Nia Huff (9) said that viewing the posts showed her how other students have had similar experiences as her own.. “As a Black girl, I can relate to some of the stories that have been told,” she said. “It’s really sad that we have to go through this. But it’s also empowering how finally our voices are being heard and people are finally recognizing the true experience of being non-white at a PWI.”

Like Huff, Green appreciates how the account amplifies the voices of female or LGBTQ students and students of color. “That’s needed because we’re in a community where white cis males are running [the school] and have power in [it],” she said.

The option to post anonymously also creates a safe space for people to share their feelings, Green said. It takes away the pressure to stay silent for fear of how other students or the school would react.

However, some students chose to publicly post their stories of bigotry they faced at the school. When deciding whether to put his name on his post, Richards realized he wanted people to picture his face when they read his story. It would be easier to brush it off if they do not know who it happened to, he said.

“By having the teachers in the Upper Division and the heads of school see my name, it might hurt a little more to know that a kid they taught had one of the most traumatic experiences of his life on this campus,” Richards said.

Tiger Moreno ’20 also spoke publicly about her experience with a former faculty member who spoke to her and touched her inappropriately. “He hugged and then kissed me on top of my head after telling him about family troubles,” she wrote in the post.

People often treat sexual harassment like gossip rather than take it seriously, Moreno said. “This is an opportunity to show that I’m a real person, I went through this terrible thing, and I was one of your classmates.”

Additionally, Moreno wanted to let survivors of similar situations know that it is possible to walk away from it and speak about it openly. They are not alone, and their experiences are valid, she said. After she posted her story, people she did not know reached out to her saying “thank you for doing that” and “that was really brave.” “It was really comforting,” Moreno said.

While anonymity has benefits for those who submit their stories, Evann Penn Brown (12) saw drawbacks in the administrators of the account being anonymous, she said. Penn Brown finds it problematic that people could not hold them accountable for what they post. She also does not like how they know the identity of each student who sent in a submission, yet students do not know who they are, she said. “It is important to have a face on an account like this, especially with such delicate issues that people find so hard to talk about,” Penn Brown said.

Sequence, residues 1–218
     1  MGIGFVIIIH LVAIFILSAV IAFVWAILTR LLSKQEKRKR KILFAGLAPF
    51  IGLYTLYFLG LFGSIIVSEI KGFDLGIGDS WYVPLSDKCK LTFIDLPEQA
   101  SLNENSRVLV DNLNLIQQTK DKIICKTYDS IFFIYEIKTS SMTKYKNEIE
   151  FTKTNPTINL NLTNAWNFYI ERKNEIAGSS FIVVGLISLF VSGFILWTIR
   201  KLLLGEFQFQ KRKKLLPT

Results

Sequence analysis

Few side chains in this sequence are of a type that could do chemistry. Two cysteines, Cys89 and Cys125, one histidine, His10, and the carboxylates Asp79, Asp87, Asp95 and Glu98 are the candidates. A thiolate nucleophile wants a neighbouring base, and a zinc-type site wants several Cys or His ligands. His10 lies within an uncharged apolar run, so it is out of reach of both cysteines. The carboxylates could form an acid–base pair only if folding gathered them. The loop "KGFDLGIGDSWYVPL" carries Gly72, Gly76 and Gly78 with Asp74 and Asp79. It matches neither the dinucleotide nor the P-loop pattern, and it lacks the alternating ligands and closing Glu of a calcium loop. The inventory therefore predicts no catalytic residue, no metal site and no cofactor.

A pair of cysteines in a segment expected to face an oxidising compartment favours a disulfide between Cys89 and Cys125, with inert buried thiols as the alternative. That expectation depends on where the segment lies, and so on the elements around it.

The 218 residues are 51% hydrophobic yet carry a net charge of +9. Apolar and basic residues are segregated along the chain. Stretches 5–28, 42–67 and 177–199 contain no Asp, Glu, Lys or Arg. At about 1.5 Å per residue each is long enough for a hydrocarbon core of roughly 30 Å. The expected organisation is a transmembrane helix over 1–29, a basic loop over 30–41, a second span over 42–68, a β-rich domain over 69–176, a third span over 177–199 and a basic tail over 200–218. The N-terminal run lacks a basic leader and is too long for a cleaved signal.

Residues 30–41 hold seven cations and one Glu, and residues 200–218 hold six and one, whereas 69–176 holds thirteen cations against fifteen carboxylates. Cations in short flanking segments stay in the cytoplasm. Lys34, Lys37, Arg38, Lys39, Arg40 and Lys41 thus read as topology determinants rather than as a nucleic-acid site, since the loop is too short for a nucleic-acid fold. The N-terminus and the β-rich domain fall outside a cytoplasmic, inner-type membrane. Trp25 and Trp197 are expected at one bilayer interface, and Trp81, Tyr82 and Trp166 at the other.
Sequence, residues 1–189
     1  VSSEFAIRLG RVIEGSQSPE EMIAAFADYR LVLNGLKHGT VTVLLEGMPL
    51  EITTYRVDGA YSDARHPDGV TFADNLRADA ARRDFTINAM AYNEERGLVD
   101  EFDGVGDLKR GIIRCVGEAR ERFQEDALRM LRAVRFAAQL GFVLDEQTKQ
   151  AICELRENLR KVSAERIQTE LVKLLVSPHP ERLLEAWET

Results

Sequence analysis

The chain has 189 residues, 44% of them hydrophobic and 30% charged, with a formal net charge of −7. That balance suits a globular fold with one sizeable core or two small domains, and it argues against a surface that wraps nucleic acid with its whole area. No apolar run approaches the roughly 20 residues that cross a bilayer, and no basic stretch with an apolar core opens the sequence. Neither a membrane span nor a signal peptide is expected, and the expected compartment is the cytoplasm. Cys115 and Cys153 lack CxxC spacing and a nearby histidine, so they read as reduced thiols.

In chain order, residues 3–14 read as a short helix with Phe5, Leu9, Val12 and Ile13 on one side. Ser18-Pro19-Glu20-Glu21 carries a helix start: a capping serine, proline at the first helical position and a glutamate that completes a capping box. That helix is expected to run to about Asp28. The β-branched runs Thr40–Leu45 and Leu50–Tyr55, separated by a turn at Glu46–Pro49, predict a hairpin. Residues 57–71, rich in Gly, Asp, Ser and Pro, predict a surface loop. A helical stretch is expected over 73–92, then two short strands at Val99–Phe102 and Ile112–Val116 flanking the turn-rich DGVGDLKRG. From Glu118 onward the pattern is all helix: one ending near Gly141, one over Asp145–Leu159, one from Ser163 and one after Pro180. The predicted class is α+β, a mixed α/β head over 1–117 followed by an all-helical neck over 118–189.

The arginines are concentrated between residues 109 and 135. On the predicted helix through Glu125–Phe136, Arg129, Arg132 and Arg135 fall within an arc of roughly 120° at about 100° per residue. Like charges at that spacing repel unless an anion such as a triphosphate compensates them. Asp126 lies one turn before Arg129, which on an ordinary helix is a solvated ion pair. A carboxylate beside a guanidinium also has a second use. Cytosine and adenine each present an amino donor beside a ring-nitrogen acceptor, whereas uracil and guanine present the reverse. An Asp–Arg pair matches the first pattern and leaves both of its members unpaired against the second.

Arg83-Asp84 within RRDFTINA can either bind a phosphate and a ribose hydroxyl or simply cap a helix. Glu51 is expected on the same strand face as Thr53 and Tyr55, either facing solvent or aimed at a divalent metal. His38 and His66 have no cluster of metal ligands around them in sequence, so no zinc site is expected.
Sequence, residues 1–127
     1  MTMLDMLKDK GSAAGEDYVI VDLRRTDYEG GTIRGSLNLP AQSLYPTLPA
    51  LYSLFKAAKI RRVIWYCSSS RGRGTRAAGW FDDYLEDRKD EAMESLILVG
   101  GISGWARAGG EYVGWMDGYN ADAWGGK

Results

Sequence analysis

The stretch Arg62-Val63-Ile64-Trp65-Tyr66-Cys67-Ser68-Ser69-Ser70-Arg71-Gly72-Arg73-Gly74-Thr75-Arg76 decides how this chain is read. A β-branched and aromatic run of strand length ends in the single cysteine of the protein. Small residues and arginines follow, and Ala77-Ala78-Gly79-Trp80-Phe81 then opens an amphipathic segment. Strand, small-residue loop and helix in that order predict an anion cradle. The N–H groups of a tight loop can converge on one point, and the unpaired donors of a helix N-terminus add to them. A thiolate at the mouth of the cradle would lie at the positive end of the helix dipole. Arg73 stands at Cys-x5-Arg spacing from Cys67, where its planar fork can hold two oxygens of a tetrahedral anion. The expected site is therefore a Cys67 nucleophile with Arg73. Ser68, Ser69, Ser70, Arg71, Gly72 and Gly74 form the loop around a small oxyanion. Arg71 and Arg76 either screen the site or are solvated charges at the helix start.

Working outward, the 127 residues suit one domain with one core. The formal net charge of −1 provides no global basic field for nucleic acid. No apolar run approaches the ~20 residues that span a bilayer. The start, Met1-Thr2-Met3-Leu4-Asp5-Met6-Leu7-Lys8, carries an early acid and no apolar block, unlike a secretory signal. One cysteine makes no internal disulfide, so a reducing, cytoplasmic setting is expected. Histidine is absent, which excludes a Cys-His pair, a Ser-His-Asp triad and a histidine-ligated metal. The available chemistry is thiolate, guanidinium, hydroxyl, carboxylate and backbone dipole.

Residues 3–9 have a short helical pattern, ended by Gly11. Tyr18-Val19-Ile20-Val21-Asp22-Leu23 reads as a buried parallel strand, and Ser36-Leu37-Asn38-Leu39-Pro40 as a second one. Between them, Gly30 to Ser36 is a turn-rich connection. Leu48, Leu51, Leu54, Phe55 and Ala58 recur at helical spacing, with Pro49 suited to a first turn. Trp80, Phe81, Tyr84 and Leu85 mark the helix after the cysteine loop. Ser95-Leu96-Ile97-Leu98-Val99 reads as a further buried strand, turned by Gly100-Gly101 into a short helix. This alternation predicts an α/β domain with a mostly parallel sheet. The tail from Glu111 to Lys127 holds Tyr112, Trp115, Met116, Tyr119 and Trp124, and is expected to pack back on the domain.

Additionally, there was also a lack of communication between the administrators and the accounts’ followers. Penn Brown did not know if they sent the open letter or if they received a response from the school, she said. She also thought its tone was accusatory and challenging and did not show that the administrators of the account were willing to work with the school.

“We found the letters off-putting and not solution-oriented,” Kelly wrote. “To see a social media platform calling for zero tolerance across all forms of harassment, only to maliciously attack others in doing so, does make one wonder about the sincerity of those operating the site.”

Richards thinks that the administrators’ anonymity prevented them from working with the school on policy or curricular changes, he said. The account framed itself as a forum for marginalized students to share their experiences, not an organization that will use those stories to make demands of the school like BSDC, he said.

“If this were to accomplish anything, then someone should take the posts on the account and make some sort of plan to make sure those experiences are never witnessed again on Horace Mann’s campus. But @hmspeaksout isn’t the person to do it,” he said.

For example, Penn Brown, president of the Gender Sexuality Alliance (GSA) club that advocates for LGBTQ+ students, thought stories on the account of queer people being outed or fetishized showed there was not enough education about LGBTQ+ issues in the school, she said.

“I hope the GSA will continue the work that @hmspeaksout was trying to do: talk to students and hear their stories then work with the administration to create a more comfortable place for queer students,” Penn Brown said.

Even though the account is inactive, systems of racism, sexism, and abuse persist and people must work together to tackle them, Moreno said. “We’re still here, the people who are walking around you in the hallways are part of those stories, and there’s still stuff that hasn’t been talked about.”